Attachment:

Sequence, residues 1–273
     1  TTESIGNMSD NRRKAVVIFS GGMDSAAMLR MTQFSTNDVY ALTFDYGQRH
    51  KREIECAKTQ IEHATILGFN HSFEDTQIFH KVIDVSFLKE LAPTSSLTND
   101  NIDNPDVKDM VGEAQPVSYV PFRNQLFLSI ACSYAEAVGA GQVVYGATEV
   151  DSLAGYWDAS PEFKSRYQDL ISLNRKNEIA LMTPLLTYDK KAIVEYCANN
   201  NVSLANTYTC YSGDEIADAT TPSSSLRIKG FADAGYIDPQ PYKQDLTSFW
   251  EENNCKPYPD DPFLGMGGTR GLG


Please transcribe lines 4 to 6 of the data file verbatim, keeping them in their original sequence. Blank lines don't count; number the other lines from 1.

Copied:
   101  NIDNPDVKDM VGEAQPVSYV PFRNQLFLSI ACSYAEAVGA GQVVYGATEV
   151  DSLAGYWDAS PEFKSRYQDL ISLNRKNEIA LMTPLLTYDK KAIVEYCANN
   201  NVSLANTYTC YSGDEIADAT TPSSSLRIKG FADAGYIDPQ PYKQDLTSFW